Saturday, 12 August 2023 15:25

World Wine Win: Awatere winemaker wins international accolade

Written by  Sophie Preece
Natalie Christensen Natalie Christensen

Accepting the coveted White Winemaker of the Year trophy at the International Wine Challenge was undoubtedly exciting for Natalie Christensen.

"But what hit me the most was when I went outside and had so many message from the team and friends and family and colleagues from around the world," she says. "That's when it sunk in."

The Chief Winemaker at Yealands Estate in the Awatere Valley was awarded the accolade in London in early July, while her colleagues watched a 5am live feed from their Awatere Valley winery, cooking up a celebratory dawn barbeque with head torches. That was "super touching" says Natalie. "The support back home blew me away."

Natalie says the win - the first for a New Zealander since Matt Thomson took the trophy in 2008, and 24 years after Jeff Clarke was awarded the title - was humbling. "The IWC is hugely competitive, and I was up against some incredible winemakers from wineries that are hundreds of years old. Yealands is so young in comparison."

IWC Co-Chair Oz Clarke - one of the world's leading wine experts - says the prestigious award recognised Natalie's "excellent winemaking" as she expands Yealands' range. "She has an incredible technical ability and is totally in tune with how to produce wines that give an intense sense of place." It was wonderful to see the White Winemaker of the Year award go to a woman, Oz adds. "This noteworthy accomplishment not only celebrates Natalie's exceptional talent and expertise but also lays the foundation for increased recognition and expanded opportunities for female winemakers around the world."

As well as the individual winemaker trophy, Yealands won the New Zealand Sauvignon Blanc Trophy for the Yealands Estate Single Block S1 Sauvignon Blanc 2022, along with 12 medals, with one for every wine entered. That shows "the breadth of our winemaking ability outside of our flagship Sauvignon", Natalie says. "Marlborough is well known for its Sauvignon Blanc, but to have a range of varietals performing so well in shows is really meaningful."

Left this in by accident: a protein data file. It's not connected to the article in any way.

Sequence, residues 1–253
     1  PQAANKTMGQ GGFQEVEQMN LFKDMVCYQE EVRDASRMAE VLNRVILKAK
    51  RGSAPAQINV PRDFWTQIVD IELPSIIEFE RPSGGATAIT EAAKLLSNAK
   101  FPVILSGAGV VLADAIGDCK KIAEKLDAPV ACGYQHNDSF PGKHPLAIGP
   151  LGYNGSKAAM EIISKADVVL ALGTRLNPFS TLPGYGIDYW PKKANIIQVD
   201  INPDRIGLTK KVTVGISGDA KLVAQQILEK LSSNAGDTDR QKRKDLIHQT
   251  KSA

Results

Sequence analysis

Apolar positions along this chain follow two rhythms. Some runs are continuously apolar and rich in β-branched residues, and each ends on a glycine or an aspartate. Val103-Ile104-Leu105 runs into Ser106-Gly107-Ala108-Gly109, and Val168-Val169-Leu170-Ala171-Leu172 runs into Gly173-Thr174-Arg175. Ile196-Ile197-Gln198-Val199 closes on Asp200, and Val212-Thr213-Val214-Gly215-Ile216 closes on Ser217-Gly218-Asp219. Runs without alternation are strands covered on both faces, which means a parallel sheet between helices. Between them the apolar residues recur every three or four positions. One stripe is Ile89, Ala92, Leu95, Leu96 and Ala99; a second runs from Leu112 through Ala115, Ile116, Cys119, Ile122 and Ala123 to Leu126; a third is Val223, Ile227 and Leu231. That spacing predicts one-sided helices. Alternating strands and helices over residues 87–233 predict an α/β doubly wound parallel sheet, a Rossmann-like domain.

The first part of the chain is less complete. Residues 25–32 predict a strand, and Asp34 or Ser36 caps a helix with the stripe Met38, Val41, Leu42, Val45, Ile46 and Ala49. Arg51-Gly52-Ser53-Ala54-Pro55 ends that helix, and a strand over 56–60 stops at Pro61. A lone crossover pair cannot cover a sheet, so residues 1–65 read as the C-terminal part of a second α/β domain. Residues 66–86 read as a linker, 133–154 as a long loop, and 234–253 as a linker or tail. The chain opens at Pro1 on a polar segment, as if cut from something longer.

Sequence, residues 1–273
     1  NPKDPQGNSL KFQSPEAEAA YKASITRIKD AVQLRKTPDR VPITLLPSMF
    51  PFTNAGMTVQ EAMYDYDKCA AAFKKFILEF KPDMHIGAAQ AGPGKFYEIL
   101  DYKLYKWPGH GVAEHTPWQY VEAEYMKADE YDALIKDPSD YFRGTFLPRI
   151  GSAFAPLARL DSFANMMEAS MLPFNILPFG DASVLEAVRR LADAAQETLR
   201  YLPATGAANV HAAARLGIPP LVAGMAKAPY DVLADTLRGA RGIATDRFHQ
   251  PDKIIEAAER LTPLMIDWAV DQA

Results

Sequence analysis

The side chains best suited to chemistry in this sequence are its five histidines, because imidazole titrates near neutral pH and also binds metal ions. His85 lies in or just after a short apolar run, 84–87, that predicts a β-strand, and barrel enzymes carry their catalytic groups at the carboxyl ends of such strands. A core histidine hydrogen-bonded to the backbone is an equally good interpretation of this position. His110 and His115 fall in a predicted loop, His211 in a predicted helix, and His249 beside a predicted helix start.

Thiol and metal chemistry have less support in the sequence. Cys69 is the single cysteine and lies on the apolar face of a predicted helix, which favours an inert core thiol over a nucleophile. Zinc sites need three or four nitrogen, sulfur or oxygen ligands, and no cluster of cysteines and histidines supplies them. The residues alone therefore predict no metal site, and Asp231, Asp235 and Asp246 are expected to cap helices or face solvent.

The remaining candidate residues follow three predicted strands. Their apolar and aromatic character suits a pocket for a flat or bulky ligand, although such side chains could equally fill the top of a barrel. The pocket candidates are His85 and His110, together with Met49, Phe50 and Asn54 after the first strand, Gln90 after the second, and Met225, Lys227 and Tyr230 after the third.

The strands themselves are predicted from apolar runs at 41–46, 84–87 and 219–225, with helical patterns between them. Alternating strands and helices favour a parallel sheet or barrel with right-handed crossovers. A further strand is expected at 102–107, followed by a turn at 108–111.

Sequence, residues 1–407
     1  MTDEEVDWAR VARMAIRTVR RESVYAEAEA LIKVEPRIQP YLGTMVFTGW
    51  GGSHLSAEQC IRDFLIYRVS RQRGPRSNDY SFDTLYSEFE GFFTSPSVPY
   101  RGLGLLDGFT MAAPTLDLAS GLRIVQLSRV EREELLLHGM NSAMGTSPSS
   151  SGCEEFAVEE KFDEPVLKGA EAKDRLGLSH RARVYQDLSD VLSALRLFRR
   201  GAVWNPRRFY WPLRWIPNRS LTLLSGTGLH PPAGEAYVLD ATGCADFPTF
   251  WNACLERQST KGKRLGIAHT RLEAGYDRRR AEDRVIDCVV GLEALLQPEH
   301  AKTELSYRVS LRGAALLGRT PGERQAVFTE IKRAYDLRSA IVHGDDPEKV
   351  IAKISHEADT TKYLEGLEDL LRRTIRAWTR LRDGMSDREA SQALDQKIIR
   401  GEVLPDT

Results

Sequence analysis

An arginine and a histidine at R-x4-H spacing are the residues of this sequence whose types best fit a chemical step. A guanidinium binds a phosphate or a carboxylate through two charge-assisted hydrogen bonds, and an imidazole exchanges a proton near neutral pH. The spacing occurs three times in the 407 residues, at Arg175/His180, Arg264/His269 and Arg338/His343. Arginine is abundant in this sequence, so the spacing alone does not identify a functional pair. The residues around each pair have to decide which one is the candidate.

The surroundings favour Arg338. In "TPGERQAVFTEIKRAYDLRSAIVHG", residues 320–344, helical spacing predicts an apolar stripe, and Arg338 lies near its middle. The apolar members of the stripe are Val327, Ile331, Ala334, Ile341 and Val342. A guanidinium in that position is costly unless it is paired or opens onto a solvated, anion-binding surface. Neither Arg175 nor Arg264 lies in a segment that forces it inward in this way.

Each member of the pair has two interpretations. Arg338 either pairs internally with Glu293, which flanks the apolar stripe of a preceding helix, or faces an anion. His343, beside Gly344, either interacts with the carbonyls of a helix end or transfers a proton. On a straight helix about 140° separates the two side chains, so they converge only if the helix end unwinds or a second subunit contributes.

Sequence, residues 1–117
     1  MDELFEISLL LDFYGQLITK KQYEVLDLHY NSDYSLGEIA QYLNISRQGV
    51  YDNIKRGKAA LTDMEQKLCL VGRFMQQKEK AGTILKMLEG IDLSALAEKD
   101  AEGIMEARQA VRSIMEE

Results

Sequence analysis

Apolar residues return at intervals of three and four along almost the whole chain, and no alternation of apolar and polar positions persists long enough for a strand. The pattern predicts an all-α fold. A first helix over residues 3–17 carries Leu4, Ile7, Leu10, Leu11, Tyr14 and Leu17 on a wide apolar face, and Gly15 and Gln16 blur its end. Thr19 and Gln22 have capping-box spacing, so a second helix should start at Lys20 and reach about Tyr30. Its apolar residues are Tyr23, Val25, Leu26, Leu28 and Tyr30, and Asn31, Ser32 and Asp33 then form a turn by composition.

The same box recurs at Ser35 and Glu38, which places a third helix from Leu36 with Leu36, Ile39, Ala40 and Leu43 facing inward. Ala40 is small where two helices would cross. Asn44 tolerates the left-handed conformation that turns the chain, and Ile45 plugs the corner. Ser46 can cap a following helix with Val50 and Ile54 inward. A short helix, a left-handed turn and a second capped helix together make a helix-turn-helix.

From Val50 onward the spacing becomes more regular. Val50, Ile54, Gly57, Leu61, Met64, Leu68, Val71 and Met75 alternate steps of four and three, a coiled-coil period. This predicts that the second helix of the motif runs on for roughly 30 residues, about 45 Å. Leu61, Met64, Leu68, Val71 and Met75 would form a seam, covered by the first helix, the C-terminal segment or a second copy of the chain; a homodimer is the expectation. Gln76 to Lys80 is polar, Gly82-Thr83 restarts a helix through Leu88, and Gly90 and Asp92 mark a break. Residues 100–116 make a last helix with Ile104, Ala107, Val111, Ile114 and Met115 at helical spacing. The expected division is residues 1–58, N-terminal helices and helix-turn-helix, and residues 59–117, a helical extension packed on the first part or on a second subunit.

The 2023 vintage was Natalie's 10th at Yealands Estate, having joined the company after 18 months working Rias Baixas in Galicia, northeast Spain. And she's relished the experience of working for one of Marlborough's biggest companies, with its Seaview Vineyard stretching along the Pacific coastline. "I have worked at smaller places and you are quite confined by what you have got and what you are given and have to make," she says, comparing that experience to handling an "eclectic" mix at Yealands. "You can really play around with blending and make exactly what you want. So I think there's freedom and creativity and complexity."

In the 2023 vintage she worked with 13 different varieties in a range of levels, splendidly spoilt for choice. Sauvignon Blanc is a huge part of the Yealands offering, but her "favourite baby" is Albariño, which she grew to love while living in Spain, where she worked with fruit grown in coastal area, comparable to Yealands' Seaview Vineyard. "The hallmark we get out here is a subtle saltiness through the palate which is definitely a classic characteristic of Albariño from Rias Baixas," Natalie says. "There are lots of things about Albariño I think are super awesome," she adds, talking of the naturally high acidity of the fruit, along with thick skins and relative disease resistance. "I feel as though, now we are getting the tail end of tropical cyclones, potentially it is a variety that could ride the wave of a bit of climate action." Sauvignon Blanc remains a safe bet in the short term, with its sustained international popularity. "But I think Albariño is something that could potentially grow and something that could add and support the Sauvignon wave from Marlborough."